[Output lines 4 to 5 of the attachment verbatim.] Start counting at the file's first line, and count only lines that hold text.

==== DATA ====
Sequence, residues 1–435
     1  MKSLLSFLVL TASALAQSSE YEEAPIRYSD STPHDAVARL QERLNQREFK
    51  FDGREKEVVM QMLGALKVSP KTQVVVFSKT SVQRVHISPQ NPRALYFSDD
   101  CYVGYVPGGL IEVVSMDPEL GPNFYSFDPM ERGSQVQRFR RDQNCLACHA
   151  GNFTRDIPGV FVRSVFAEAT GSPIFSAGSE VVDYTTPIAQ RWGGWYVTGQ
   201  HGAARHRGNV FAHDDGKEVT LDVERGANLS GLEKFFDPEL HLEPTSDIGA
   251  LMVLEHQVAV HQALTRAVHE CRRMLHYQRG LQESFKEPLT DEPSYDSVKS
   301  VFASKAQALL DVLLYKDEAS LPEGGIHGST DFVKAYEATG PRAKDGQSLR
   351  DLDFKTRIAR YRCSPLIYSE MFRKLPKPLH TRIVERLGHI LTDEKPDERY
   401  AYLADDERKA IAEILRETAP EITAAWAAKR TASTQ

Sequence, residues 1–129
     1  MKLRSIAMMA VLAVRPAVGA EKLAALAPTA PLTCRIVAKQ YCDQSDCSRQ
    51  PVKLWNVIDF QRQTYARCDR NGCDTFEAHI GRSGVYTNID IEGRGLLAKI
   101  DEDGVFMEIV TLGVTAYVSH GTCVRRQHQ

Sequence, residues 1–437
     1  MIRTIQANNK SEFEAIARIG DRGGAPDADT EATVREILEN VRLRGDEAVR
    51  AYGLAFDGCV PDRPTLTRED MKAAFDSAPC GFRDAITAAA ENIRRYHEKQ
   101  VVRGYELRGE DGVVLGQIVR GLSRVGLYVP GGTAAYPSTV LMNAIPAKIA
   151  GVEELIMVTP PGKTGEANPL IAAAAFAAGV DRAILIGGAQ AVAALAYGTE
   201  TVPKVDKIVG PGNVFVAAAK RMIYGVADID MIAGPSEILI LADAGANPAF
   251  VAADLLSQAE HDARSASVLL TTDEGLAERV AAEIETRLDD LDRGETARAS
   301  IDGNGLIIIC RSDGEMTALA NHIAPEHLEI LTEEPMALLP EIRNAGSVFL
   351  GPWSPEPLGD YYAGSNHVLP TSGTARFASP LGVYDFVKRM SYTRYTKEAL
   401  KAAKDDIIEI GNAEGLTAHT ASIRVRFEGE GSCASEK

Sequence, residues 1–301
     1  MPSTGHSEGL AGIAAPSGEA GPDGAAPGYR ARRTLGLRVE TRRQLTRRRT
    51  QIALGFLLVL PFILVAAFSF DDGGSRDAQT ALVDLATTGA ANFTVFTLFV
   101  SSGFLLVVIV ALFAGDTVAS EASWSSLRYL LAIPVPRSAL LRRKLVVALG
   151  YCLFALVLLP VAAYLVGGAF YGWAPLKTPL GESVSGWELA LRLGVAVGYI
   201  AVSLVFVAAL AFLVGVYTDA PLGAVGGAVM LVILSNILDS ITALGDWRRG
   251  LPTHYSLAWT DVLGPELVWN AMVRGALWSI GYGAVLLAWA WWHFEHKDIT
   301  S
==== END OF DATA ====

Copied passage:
   101  CYVGYVPGGL IEVVSMDPEL GPNFYSFDPM ERGSQVQRFR RDQNCLACHA
   151  GNFTRDIPGV FVRSVFAEAT GSPIFSAGSE VVDYTTPIAQ RWGGWYVTGQ